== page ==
Zero and Ten Years in Cincinnati

cac01Cincinnati has a new carousel and an old brewery. Carol Ann’s Carousel officially opened on Saturday and Mt. Carmel Brewing Company celebrated its tenth anniversary the same day. The carousel is part of Smale Riverfront Park on the Ohio River between the baseball and football stadiums. It’s inside the low brown building near the center of the picture at right. I parked on the south side of the river just so I could get that picture (and park free).

cac02cac03cac04Musicians and other entertainers kept things lively until the opening ceremonies began. Parks Director Willie Cardens spoke briefly himself and also introduced others, including the mayor and the artists and planners who created the carousel. They were all just as happy as he was. Music from the Cincinnati Children’s Choir included Happy Birthday for the carousel’s namesake, Carol Ann Haile. It would have been her 92nd birthday. She’s been called “everyone’s Aunt Mame” and someone who knew her said the carousel is a perfect match for her “spirit of whimsy and wonder”

cac05The ceremonial ribbon cutting marked the culmination of a two and a half year 5.5 million dollar project. The carousel itself was $1 million. The building accounted for the rest.

 

cac06cac07cac08With the ribbon cut, VIPs were ushered in for a ride while everyone else pressed against the glass walls for a glimpse. Actually, it was all good. Those VIPs included the Cincinnati Children’s Choir and lots of other children and parents were allowed to slip inside to photograph the happy youngsters. I joined the line and was soon rewarded with my first view of the carousel without looking through tinted glass or at a computer screen. It’s a beauty with unique Cincinnati related critters and objects, carved by Carousel Works of Mansfield, Ohio, everywhere. A description of the figures and a lot more is available through the link at the beginning of the article or directly here.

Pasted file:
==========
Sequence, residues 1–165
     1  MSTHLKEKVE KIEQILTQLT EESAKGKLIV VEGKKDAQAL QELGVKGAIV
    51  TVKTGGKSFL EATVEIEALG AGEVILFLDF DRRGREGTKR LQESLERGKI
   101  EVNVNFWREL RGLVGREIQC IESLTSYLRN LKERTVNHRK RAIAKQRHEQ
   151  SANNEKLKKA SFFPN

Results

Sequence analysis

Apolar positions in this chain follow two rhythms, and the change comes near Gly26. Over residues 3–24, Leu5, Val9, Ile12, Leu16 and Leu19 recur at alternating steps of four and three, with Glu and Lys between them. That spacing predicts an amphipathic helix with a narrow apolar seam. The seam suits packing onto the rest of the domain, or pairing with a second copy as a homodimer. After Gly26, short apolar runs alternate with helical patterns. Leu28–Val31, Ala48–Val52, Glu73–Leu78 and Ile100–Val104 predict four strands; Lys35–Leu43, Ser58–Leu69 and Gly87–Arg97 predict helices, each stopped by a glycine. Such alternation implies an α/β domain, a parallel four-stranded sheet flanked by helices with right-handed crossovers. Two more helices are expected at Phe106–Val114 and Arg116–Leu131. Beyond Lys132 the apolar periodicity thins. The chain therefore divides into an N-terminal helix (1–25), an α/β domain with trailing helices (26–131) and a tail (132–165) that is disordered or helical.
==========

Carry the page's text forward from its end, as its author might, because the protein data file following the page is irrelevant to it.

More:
cac11cac10cac09When my turn came, I laid back a bit to let others mount something they’d been targeting. I was just happy to be there and didn’t want to block someone from their favorite. When I saw that the cicada remained available I was all over it — literally. If you really need to know what the bottom half of an old man on a cicada looks like, here you go. I don’t own a selfie stick and my arms just aren’t that long but you can see that I’m having a good time and get a sense of those lovely red eyes.

cac12cac13cac14There is a lot more to Smale Park. These are some pictures I grabbed in the area near the carousel. The playground in the third photo was just opened in the last week or so. More will be coming online in the near future.

mcbff02mcbff01Beer wasn’t the only thing pouring when I got to to Mt. Carmel Brewing Company. The rain had been heavier, though, plus nobody really minded. The oldest brewery currently operating in Cincinnati was celebrating its tenth year with a Firkin Fest.

mcbff03mcbff04mcbff05It was dry in the tap room and dry spots had been found in the brewery for the music and the firkins. Birthdays with beer and carousels really are special.

Beer not Weak. Beer Week.

Taps at Zip's CafeOne response to a request to name 212 things that first appeared in 1926 would be Zip’s Cafe and 211* US Highways. One of the routes designated when the US Highway System was adopted was US 50 from which Fifty West Brewing Company gets its name. When Zip’s and Fifty West collaborated on a beer to become the restaurant’s house brew, the name 1926 Amber Ale was chosen as something that had meaning to both. The “official” tapping took place on Thursday, the first day of Cincinnati Beer Week.